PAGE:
The Norse mythos is also one of my favourites – the gods are fallible, and they make no excuses for who and what they are. Gaiman, too, has used mythos in a lot of his work, American Gods (arguably one of his best) delves deeply into the role of gods both old and new, and those who have read it know exactly who Mr Wednesday is. So it really wasn’t a surprise that Gaiman decided to pen a retelling of the Norse mythos in his own words, expanded upon and tweaked somewhat.

Unlike my other book reviews, there’s no need for a spoiler warning here – this is known ground Gaiman’s covering. Which leads to my next question: why? I thought long and hard about this question, as there’s nothing really in Norse Mythology that you couldn’t find in The Edda. Sure, Gaiman has put his spin on it, but… that’s pretty much all you’re getting.

Look, don’t get me wrong, it’s a beautiful-looking book. That cover is sublime, and the print edition is top quality (gotta love those matt covers) and looks wonderful on my bookshelf – yes, even with just the spine showing. The writing is solid, the storytelling pure Gaiman (along with the humour and wit), but at times it did strike me as rather self-indulgent. Thing is, I’ve read The Edda, and that may be the issue I have with this – the source material is divine.

Norse Mythology

When I got to the end of Norse Mythology, I wasn’t sure how I felt about it. I didn’t hate it, but I couldn’t say I loved it either. What I did recognise, however, was its use for those who are testing the waters of Norse mythology and wondering whether it’s for them (it is, I’m just sayin’), or even just wondering what the fuss is all about. It’s the perfect introduction to the mythos, to those greater tales – the sagas – that so beautifully bring to life the Norse and their gods and goddesses, their giants and their beasts, of Fenrir and Sleipnir, and Gjallarhorn of Ragnarok.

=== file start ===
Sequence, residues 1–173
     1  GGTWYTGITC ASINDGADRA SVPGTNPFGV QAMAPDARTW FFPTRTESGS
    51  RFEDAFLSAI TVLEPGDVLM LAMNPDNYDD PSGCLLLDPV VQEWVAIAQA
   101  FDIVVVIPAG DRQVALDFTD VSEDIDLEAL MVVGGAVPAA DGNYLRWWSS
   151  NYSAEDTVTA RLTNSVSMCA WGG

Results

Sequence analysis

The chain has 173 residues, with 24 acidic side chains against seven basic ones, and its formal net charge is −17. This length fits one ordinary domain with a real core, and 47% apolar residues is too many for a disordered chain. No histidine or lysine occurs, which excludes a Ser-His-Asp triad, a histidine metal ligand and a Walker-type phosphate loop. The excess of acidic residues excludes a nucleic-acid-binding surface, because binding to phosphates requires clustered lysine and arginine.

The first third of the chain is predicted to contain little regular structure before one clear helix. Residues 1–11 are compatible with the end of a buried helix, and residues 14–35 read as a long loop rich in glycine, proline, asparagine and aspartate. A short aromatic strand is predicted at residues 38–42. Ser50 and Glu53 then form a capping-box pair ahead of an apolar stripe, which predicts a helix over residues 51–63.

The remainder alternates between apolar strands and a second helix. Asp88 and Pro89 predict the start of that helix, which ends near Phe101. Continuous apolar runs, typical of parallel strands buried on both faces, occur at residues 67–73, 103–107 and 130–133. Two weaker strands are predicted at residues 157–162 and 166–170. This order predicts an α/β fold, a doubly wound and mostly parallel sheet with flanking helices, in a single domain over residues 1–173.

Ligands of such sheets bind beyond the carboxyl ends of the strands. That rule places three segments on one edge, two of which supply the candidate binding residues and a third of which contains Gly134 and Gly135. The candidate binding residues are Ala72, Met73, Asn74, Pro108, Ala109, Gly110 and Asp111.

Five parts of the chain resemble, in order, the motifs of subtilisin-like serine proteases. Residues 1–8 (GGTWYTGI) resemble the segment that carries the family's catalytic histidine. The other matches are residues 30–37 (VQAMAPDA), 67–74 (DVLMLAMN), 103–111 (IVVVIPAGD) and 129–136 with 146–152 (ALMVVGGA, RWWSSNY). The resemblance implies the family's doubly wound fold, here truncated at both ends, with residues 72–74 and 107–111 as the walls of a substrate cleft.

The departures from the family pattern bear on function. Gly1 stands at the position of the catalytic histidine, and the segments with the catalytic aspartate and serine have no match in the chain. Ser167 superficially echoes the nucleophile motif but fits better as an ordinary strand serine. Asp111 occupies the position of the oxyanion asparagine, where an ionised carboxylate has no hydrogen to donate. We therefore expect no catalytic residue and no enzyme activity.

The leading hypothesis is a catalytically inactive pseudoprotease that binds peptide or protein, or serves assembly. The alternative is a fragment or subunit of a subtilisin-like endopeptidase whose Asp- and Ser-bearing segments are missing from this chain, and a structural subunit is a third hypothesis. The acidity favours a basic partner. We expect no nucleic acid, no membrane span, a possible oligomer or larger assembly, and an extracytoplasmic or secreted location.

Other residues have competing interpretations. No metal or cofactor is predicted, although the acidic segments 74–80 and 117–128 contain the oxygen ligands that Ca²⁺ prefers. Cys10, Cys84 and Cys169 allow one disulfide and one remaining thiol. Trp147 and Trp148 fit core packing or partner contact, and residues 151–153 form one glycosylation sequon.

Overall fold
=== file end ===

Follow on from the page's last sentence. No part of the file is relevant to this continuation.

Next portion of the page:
Perhaps it’s for those who watch the series ‘Vikings’ (which I love), and want greater understanding of the role the gods and goddesses play in that universe. And if it’s a stepping-stone to someone wanting to read The Edda, then I’d say Norse Mythology has done its job.

There’s really not a lot else I can say about it. Was it truly awful? No. Did I enjoy it? Somewhat, I guess. And I think that’s where the real issue lies. There’s nothing… outstanding about it. Someone who has no real knowledge of the Norse mythos may have a different take on it; Norse Mythology is easier reading than The Edda. Maybe that was Gaiman’s idea behind the book, to make it accessible, to entice readers unfamiliar with the sagas to step into that world and explore. Maybe. I don’t know. Like I said, it does come off a little self-indulgent, but that could be just me.

The cover is beautiful though.

On a Goodreads scale I give Norse Mythology three stars.

Festivus Book Pimping – Greig Beck

Happy Festivus Book Pimping Day! Or night… depending on which side of the world you call home. So with most of the stuff I create, it tends to grow organically, and this series (yes, I’m calling it a series), has also done so. While it will be books I’m pimping, it’s also authors… I’m pimping. Yeah, that sounded better in my head than it reads on the page, but hey, it’s Festivus, let’s roll with it!

Next up on the Festivus catwalk is another Aussie author and best-selling novelist, Greig Beck. Greg has a great number of novels on his backlist, but the two I’m presenting (see what I did there?) today are two books of his I’ve read this year – both of which I gave five stars on Goodreads. I absolutely loved both of these books, and read them far quicker than I wanted. It’s those books I love, the ones where you just have to know how it all ties up but you so don’t want them to end.